Ferguson v. MacLean
Supreme Court of Canada
1930 S.C.R. 630
"Held: The congregation not having passed a vote of non-concurrence, it became, by statutory operation, a congregation of the United Church, and, (Anglin C.J.C. and Rinfret dissenting), even if the property fell within s. 6 of c. 59, 14 Geo. V, N.B. (and corresponding s. 8 of c. 100, 14-15 Geo. V, Dom.), yet, after the Union, it was held for the benefit of the congregation as a congregation of the United Church; the absence of consent under s. 6 merely leaving the property unaffected by the trusts, and not subject to the terms and conditions, set out in the 'Model Deed' (schedule A of the provincial Act; schedule B of the Dominion Act)." [1930 S.C.R. 631]
The decision affirmed the judgement of the Supreme Court of New Brunswick to the effect "that the property went with the congregation into the Union, and that the plaintiffs, who had not concurred in the Union and had separated themselves from the congregation, had no claim to the property". The decision, however, did not affirm the opinion "Grimmer J. and Barry, C.J. K.B., held ...that, by virtue of 7 Edw. VII, c. 79, s. 6 (N.B.), the Presbyterian Church in Canada, the denomination to which the St. James Church belonged, had a 'right or interest, reversionary or otherwise' in the congregational property, within the meaning of s. 6 of c. 59, 14 Geo. V, N.B., and therefore the property was excluded from the operation of that section" [1930 S.C.R. 635], but rather four of the five judges gave opinion otherwise [appended].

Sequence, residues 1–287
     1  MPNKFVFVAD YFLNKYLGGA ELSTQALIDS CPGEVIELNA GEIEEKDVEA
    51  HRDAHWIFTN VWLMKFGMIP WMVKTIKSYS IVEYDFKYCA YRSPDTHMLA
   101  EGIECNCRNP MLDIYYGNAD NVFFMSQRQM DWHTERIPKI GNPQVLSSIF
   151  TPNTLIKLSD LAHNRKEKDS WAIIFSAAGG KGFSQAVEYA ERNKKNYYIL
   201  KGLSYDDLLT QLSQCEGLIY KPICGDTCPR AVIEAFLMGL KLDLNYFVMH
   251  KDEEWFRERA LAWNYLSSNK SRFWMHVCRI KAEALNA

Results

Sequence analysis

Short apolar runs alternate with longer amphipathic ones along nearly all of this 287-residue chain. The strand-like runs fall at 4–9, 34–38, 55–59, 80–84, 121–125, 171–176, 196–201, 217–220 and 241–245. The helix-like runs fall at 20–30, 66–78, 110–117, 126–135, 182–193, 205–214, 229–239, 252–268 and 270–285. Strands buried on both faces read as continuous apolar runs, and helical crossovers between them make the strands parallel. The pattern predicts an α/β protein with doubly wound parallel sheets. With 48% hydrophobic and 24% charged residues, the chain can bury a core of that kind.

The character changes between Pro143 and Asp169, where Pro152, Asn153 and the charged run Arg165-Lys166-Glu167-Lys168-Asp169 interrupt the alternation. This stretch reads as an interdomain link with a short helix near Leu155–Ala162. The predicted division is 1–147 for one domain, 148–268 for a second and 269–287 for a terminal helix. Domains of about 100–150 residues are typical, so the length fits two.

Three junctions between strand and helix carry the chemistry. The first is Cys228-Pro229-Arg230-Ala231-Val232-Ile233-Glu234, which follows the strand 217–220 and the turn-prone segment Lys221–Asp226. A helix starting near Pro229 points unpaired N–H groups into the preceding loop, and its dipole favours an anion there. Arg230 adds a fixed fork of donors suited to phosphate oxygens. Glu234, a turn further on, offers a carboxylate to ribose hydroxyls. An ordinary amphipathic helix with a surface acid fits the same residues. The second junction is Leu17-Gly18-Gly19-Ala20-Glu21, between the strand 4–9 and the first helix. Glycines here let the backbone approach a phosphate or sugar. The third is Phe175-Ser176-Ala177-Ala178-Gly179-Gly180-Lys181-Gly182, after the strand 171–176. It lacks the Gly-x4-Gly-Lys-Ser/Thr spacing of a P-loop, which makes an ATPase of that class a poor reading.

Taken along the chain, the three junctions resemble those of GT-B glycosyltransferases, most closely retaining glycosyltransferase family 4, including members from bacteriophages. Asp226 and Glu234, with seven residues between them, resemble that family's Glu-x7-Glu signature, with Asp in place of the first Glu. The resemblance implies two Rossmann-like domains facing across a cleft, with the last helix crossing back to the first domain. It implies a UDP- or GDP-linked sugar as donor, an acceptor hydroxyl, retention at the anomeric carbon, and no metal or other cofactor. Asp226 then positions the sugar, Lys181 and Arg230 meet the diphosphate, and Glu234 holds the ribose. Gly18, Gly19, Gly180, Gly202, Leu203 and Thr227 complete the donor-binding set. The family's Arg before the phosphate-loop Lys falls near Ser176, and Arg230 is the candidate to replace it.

The United Church of Canada v. Anderson
Provincial Court [General Division]
1991 2 O.R. (3rd) 304
"Held, a declaration should issue that title in the lands was held by and for the United Church.
"Section 3 of the Ontario United Church of Canada Act provides that property belonging to the three churches which came together to form the United Church (the negotiating churches) was to vest in the United Church. Under s. 4 of the Act, all property held by or in trust for any congregation of any negotiating church was held for the benefit of the same congregation as part of the United Church, but this did not include (a) any property held 'in trust for any special use of any congregation' of the United Church or (b) under s. 6 of the Act, any property held in trust for the use of any congregation 'solely for its own benefit'. The lands in question either vested in the United Church under s. 3 of the Act or were held for the use of the United Church under s. 4; the exceptions in s. 4 and s. 6 did not apply.